Dubose recognizes that summary judgment is proper where a defendant has conclusively disproven an element central to all causes of action or an unaddressed cause of action derivative of the addressed causes of action.  Smith v. Heard, 980 S.W.2d 693, 697-98 (Tex.App.San Antonio 1998, pet. denied);  see also Lampasas v. Spring Center, Inc., 988 S.W.2d 428, 435-36 (Tex.App.Houston [14th Dist.] 1999, no pet.) (stating that if summary judgment is sufficiently broad, it may be deemed to cover additional causes of action under appropriate fact situations).   However, she argues that because appellees' summary judgment evidence failed to disprove the ultimate fact upon which fraud 2 and negligent misrepresentation 3 were based, i.e., that Roquet made the misrepresentation that Dubose was in good health and did not have any health conditions that would prevent her employment with American Cyanamid, the trial court erred in granting summary judgment on those claims.

Appellees, on the other hand, contend their motion for summary judgment addressed the medical negligence claim “while still contemplating the unaddressed fraud and negligent misrepresentation claims.”   Appellees maintain Dubose's claims for fraud and negligent misrepresentation are based on her visit to Roquet for her pre-employment examination and Roquets alleged negligence and breach of a duty owed her in failing to read her chest x-ray accurately and thereby diagnose her cancer.

In Ruiz v. Walgreen Co., the plaintiff allegedly sustained injuries after ingesting medication from a misfilled prescription.  79 S.W.3d 235, 237 (Tex.App.Houston [14th Dist.] 2002, no pet.).   The plaintiff and her husband sued the pharmacy for medical negligence, breach of express and implied warranties, and breach of contract.   The trial court dismissed the plaintiffs' claims for failing to file an expert report under the Medical Liability and Insurance Improvement Act (“MLIIA”).  Id. On appeal, the plaintiffs' argued the MLIIA did not apply to their claims for breach of warranties and violations of the Deceptive Trade Practices Act. Id. at 238.   Rejecting the plaintiffs contention, this court found their petition asserted nothing more than “a straightforward medical malpractice claim.”  Id. Although we noted that causes of action for separate, independent torts committed by a medical professional can be maintained, we concluded that Ruiz “involve[d] no separate fraudulent act and no separate tort․ It derive[d] from the pharmacists alleged negligent actions that were inextricably related to his professional duty of dispensing medication.”  Id. at 239.

The crux of Dubose's claims against appellees is Roquet's failure to correctly read her chest x-ray, thereby resulting in his failure to detect her cancera medical negligence claim.   Therefore, because appellees established there was no physician-patient relationship between Roquet and Dubose on which to base a claim for medical negligence, summary judgment was proper on Dubose's negligent misrepresentation and fraud claims.   See Lampasas, 988 S.W.2d at 435-36;  Smith, 980 S.W.2d at 697-98.

VI. Dubose's Claims Against Worker's Medical

 Dubose further complains the motion for summary judgment did not articulate any reasons her claim against Worker's Medical should be dismissed.   Appellees assert two arguments on appeal, both based on the fact that Dubose asserted the same claims against Worker's Medical as against Roquet, all of which were based on Roquet's conduct.   First, because Roquet owed Dubose only the duty not to injure her during the exam, any derivative claims against Worker's Medical must also fail as a matter of law.   Second, as the entity through which Roquet worked, Worker's Medical acted as agent for Roquet and, therefore, cannot be held liable in the absence of any liability as to Roquet.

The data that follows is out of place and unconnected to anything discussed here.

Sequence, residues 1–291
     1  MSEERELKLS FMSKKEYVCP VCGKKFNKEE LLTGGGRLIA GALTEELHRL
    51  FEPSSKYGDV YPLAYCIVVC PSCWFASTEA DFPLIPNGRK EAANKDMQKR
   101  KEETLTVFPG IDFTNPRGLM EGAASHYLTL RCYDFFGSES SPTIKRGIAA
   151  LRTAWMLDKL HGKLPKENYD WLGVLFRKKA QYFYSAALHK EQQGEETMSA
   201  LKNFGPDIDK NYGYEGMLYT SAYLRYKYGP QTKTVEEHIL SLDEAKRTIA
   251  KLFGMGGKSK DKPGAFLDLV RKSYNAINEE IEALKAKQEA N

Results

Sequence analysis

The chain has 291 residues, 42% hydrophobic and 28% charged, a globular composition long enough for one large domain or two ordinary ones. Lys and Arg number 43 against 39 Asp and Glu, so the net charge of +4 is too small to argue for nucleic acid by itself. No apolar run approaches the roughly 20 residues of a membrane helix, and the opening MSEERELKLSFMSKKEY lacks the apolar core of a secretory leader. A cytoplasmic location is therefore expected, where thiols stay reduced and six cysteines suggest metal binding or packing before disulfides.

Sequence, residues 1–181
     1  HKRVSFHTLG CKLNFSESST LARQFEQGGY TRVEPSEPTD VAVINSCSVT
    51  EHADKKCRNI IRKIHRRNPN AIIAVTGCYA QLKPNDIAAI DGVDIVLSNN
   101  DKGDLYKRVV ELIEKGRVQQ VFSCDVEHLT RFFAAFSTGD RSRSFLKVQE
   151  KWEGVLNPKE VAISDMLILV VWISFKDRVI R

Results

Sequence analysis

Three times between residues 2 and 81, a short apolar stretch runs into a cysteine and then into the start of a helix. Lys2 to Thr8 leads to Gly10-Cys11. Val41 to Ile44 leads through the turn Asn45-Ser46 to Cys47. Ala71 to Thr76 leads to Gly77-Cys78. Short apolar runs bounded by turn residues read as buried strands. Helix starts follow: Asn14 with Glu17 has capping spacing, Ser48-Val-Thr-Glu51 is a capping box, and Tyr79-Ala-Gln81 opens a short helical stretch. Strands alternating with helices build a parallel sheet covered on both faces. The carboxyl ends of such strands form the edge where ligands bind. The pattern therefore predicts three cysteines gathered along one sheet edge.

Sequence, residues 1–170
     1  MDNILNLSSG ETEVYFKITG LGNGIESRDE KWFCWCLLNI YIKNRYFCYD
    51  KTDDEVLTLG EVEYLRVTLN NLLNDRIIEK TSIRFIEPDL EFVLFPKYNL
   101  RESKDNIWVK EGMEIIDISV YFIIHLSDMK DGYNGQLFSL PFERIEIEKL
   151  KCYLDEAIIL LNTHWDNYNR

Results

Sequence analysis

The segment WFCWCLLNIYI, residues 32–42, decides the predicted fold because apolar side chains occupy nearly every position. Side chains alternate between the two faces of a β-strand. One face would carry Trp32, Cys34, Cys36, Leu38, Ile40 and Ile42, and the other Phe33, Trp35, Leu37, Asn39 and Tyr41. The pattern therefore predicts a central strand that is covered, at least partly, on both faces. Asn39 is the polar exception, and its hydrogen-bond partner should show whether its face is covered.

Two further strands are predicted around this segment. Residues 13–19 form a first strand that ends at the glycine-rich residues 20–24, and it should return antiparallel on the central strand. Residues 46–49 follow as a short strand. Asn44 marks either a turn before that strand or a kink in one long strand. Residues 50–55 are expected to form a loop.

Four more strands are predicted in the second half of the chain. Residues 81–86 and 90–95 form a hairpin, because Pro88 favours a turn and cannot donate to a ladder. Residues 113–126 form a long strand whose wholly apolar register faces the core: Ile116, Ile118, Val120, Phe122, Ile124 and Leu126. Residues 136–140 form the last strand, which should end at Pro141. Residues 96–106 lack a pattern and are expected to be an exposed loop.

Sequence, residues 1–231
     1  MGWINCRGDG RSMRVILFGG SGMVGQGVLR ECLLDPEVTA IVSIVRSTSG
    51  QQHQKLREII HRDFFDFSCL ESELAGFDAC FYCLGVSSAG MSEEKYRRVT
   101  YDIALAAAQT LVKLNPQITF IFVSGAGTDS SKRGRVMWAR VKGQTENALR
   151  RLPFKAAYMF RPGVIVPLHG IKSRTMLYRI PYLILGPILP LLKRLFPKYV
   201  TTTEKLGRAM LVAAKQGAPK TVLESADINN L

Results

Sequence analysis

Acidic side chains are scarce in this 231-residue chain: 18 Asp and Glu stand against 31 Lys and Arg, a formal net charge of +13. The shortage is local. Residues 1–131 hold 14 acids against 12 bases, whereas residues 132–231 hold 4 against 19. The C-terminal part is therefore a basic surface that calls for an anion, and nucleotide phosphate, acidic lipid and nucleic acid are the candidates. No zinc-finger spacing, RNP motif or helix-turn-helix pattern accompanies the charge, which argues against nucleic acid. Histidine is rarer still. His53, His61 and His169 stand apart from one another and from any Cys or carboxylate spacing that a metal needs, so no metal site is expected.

Worker's Medical, however, did not present either of these, or any other, grounds to the trial court entitling it to summary judgment.   It is well settled that a summary judgment cannot be affirmed on any ground not specifically presented in the motion for summary judgment.  Travis v. City of Mesquite, 830 S.W.2d 94, 100 (Tex.1992).   Because Worker's Medical failed to present any grounds in the motion for summary judgment, we cannot now affirm the summary judgment in favor of Worker's Medical.

The trial court properly granted summary judgment in favor of Roquet;  therefore, we affirm that portion of the judgment.   The trial court, however, erred in granting summary judgment in favor of Worker's Medical;  therefore, we reverse that portion of the judgment and remand it to the trial for proceedings consistent with this opinion.   The judgment of the trial court is accordingly, affirmed, in part, and reversed and remanded, in part.

FOOTNOTES

1.   See, e.g., Ramirez v. Carreras, 10 S.W.3d 757, 761-62 (Tex.App.-Corpus Christi 2000, pet. denied);  Almaguer v. Jenkins, 9 S.W.3d 835, 837 (Tex.App.San Antonio 1999, no pet.);  Wilson v. Winsett, 828 S.W.2d 231, 232 (Tex.App.-Amarillo 1992, writ denied);  Dominguez, 786 S.W.2d at 750-51;  Johnston, 558 S.W.2d at 137-38;  Armstrong v. Morgan, 545 S.W.2d 45, 46 (Tex.Civ.App.-Texarkana 1977, no writ);  Lotspeich v. Chance Vought Aircraft, 369 S.W.2d 705, 710 (Tex.Civ.App.Dallas 1963, writ ref'd n.r.e.).

2.   The elements of common-law fraud are:  (1) a material representation was made;  (2) the representation was false;  (3) when the representation was made, the speaker knew it was false or made it recklessly without any knowledge of the truth and as a positive assertion;  (4) the representation was made with the intention that it be acted upon by the other party;  (5) the party acted in reliance upon the representation;  and (6) the party suffered injury.  Johnson & Higgins of Tex., Inc. v. Kenneco Energy, Inc., 962 S.W.2d 507, 524 (Tex.1998).

3.   The elements of a cause of action for negligent misrepresentation are:  (1) the representation is made by a defendant in the course of his business, or in a transaction in which he has a pecuniary interest;  (2) the defendant supplies “false information” for the guidance of others in their business;  (3) the defendant did not exercise reasonable care or competence in obtaining or communicating the information;  and (4) the plaintiff suffers pecuniary loss by justifiably relying on the representation.  Federal Land Bank v. Sloane, 825 S.W.2d 439, 442 (Tex.1991).

J. HARVEY HUDSON, Justice.